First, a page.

Haven Books Fiction
Vicki Hessel Werkley
Watch the 30-second Book Trailer for "Girl-On-Fire"
Images: “Prairie Girl” by Wayne Wildcat", "Dugout Soddy On the Prairie by Wayne Cooper", "Girl-On-Fire" by Mary Helsaple. Music: "Shaman's Call" by R. Carlos Nakai
Do you have a comment?
Here's what other readers have said:
"In a display of pluck and determined resistance to her kidnappers, Carrie
McEdan becomes Girl-on-Fire, the name her Comanche captor, Blackhorse,
gives her in the summer of 1874. It is Carrie’s luck to be the
manifestation of a dream and that enables her to survive, as does her
openness to learning the language and custom of a new people.
I could not put that book down! In some ways it was like a sexy romance
story. And on the other hand it had sudden twists and turns. All the
surprises when you think you have it figured out! Couldn't believe all
the things that happened. It seemed to be very authentic. It was most
Rarely do books written by non-Indians find approval with Native Americans, but Werkley's respectful research and attention to detail have earned her the cooperation and esteem of the Comanche people who assisted her, two of whom say....
"Girl-On-Fire is a superbly written book . . . extraordinarily accurate about
the daily life and responsibilities of Comanche women and with the Comanche
language appropriately used. Vicki Werkley has done an outstanding job in her
research of the Comanche People. I give this book two thumbs up!"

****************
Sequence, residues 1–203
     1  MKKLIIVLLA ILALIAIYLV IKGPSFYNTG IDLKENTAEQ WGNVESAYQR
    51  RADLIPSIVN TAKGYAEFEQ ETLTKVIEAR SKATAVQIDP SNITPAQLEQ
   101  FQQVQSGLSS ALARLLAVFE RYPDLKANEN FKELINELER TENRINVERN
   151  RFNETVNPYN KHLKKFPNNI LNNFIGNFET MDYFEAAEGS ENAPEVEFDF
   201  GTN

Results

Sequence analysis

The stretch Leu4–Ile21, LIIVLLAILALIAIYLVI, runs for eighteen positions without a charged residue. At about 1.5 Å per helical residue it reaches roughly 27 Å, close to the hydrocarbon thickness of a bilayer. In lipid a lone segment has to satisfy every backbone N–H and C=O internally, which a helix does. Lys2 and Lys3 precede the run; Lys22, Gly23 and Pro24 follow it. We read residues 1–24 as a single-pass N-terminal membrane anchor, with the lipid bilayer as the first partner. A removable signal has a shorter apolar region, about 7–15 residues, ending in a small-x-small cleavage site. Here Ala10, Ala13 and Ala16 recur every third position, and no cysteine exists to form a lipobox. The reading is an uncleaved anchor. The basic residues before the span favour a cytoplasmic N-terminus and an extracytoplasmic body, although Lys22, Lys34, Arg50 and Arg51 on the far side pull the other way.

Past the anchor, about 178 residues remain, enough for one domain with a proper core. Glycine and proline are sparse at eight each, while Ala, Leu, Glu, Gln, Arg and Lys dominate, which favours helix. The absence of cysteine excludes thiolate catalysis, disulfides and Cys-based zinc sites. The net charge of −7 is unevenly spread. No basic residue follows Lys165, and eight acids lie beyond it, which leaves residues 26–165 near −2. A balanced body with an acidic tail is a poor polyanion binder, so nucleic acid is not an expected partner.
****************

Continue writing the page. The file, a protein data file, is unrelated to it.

"Girl-On-Fire was a pleasure! The closest book I have read to capturing the
true essence of Comanche Women!"
From the School Library Journal Annual Policy Statement:
"Books reviewed are considered noteworthy in their appeal to young adults for pleasure and/or research and are chosen for their literary merit and their ability to inspire, challenge, instruct, and/or entertain teens. Because these books were written for adults, readers must assume they may contain mature themes."
From the review for Girl-On-Fire (by Vicki Hessel Werkley): "The strength of
this book is in the rich details of Native American culture in the 1870s.
The smell of wood smoke and simmering stews; the 'tidy efficiency' of
a tepee with its inner drape, rawhide trunks, and willow-slat beds;
and the sounds of the language and songs all encourage readers to experience
the human complexities of tribal life. Even teens reluctantly fulfilling
a dreaded historical fiction assignment should become caught up in the
protagonist's bittersweet adventure with a people who will soon face
many tragic losses of their own."
More Girl-On-Fire Comments at amazon.com.